Why conservatives need a (partially) viable Democratic Party in Alabama

Liberals seeking a future in Alabama politics don’t have many options nowadays, but that’s not all good news for conservatives. If the state’s Republican Party is the only game in town, it’s bound to attract all sorts of players – including liberals.

Liberals seeking elected office here are at a disadvantage, with 50.6-percent of Alabamians calling themselves conservatives and only 14.6-percent liberals, according to a Gallup survey released last February. That’s a 36-point spread in favor of conservative candidates. Those odds probably discourage many politicians from running as Democrats – even as conservative ones.

On another level, liberals who want to work in politics as aides, advisors or campaign consultants have even fewer options. Thirty-years ago young liberals stood a better chance than young conservatives of landing politically-appointed jobs in Montgomery or with the state’s Congressional delegation in Washington, D.C. There were also many well-funded and abundantly staffed liberal-leaning advocacy groups, lobbying shops and consulting firms looking for talent. These jobs are important because they help identify, train and strengthen a party’s bench of future leaders.

Now there’s not a single Democrat in statewide office, their once supermajorities at the State House are gone and Republicans comprise eight of Alabama’s nine member Congressional delegation. There’s even talk that the Democrats may fail to run credible candidates for statewide offices next year.

Meanwhile, the state’s Democratic Party establishment is a house divided after its leaders clashed about control and budget issues, creating competing organizations in the aftermath. Now the once dominant Democratic Party of Alabama is leaderless and nearly homeless after the landlord threatened eviction from the building containing the party headquarters because the rent is always late.

“We’re broke, broke, broke,” said Nancy Worley last May, after she assumed the role as acting state Democratic Party Chairwoman.

That’s great for the Republican Party, but conservatives should remain watchful. Where’s an ambitious liberal politician or wannabe staffer to go these days when the Democrats have lost all power? Three places: home, the political wilderness, or for the most opportunistic individuals, the state’s Republican Party.

That’s fine for those who have actually changed their minds. There has been a rash of party-switching in recent years and conservatives should welcome all newcomers to the Republican ranks, especially former Democratic politicians. Still, it’s hard to believe that elected officials and staffers who stood as Democrats through the decades of teacher-union dominated legislative sessions will be genuine leaders in the conservative movement. Have they truly changed their minds, or just their party?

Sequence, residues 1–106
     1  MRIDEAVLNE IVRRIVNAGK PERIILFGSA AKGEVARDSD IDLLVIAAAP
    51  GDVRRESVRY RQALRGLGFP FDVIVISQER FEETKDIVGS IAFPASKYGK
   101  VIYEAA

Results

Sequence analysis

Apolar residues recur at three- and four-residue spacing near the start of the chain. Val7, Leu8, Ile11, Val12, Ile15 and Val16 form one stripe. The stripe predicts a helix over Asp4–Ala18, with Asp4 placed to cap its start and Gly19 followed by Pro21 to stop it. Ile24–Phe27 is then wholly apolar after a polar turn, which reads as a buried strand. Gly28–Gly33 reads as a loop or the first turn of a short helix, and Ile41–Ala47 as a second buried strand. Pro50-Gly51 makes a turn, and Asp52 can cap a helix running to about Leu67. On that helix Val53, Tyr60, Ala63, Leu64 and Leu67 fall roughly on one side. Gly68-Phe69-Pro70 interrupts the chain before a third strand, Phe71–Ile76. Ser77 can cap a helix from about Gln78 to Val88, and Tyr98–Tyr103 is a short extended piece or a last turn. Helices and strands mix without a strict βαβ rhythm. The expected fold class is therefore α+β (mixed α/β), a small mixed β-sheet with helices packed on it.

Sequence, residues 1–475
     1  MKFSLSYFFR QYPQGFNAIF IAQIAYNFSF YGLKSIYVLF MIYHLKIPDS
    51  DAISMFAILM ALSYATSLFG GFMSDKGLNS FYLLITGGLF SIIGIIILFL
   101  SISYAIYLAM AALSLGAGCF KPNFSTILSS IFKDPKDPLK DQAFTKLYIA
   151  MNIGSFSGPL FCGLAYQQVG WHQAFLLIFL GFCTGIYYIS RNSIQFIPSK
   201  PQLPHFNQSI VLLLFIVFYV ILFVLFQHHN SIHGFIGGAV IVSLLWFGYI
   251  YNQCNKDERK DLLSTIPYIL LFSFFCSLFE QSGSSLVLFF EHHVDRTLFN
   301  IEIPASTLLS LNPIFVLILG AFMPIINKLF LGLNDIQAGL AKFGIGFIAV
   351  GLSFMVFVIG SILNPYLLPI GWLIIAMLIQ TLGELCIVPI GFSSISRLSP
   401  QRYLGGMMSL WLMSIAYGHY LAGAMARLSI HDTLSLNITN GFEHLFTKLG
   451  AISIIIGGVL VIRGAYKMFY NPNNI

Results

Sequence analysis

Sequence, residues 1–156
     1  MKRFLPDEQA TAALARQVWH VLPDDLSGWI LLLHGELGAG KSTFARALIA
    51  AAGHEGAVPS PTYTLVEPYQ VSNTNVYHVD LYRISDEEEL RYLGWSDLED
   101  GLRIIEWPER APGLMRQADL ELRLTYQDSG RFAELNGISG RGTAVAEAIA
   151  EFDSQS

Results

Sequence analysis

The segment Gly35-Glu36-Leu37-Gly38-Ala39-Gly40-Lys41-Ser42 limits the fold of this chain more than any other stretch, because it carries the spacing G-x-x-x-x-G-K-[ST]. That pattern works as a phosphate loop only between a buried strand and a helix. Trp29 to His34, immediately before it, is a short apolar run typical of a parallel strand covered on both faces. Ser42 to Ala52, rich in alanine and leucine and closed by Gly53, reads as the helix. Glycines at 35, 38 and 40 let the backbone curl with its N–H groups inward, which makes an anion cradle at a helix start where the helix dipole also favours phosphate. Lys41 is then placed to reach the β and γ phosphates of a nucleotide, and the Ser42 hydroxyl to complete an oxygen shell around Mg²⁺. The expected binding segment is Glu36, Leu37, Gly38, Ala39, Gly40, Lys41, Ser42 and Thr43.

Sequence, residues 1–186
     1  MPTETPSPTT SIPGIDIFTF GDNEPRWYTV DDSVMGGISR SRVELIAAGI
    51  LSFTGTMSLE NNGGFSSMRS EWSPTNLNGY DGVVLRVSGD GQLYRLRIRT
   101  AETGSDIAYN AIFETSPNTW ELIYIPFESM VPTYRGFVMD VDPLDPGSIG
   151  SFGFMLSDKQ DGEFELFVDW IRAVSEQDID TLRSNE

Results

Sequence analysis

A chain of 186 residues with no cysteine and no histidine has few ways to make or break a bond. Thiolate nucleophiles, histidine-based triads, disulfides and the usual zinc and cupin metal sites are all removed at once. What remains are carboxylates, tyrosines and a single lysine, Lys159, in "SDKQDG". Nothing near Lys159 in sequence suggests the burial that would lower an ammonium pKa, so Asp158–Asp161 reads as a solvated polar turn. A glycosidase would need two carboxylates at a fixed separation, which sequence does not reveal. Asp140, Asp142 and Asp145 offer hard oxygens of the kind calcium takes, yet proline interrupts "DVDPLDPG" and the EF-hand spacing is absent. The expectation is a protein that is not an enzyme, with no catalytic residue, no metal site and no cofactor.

Marketing professionals know the value of a brand, of building its awareness and protecting the feeling it invokes. Make changes to a successful product, they warn, and you’re bound to lose customers.

Conservatives brought the state’s Republican Party to power based on the principles of limited government, individual liberty and family values-based traditions. It will be a challenge to hold onto those principles – the conservative brand – as the party grows and welcomes new members with new ideas.

A viable Democratic Party – partially viable, at least – would help keep ambitious liberal politicians from diluting the hard-won conservative brand.

Republicans shouldn’t purge their ranks, but conservatives will need to become more discerning if Alabama becomes more of a one-party state. Republican Party primaries may take on the significance of general elections where candidates should be challenged to prove – and pledge – their conservative credentials, not just party affiliation.

Specifically, voters shouldn’t be sold on a candidate’s conservatism based on their pro-life or pro-gun rights beliefs – both givens here. A truer test would be their belief in limited government, and whether they want to return or retain the power in Washington and Montgomery and restrict further government growth.

That’s a hard belief to verify, but their opinion on taxes is a great measure. The Taxpayer Protection Pledge offered by Americans for Tax Reform is one of the best indicators of a commitment to limited government, even though some conservatives refuse to sign out of a principle against taking pledges other than the oath of office.

Still, it’s a simple pledge that says candidates will “oppose and vote against any and all efforts to increase taxes.”

And that’s something no ambitious liberal could ever sign with a straight face.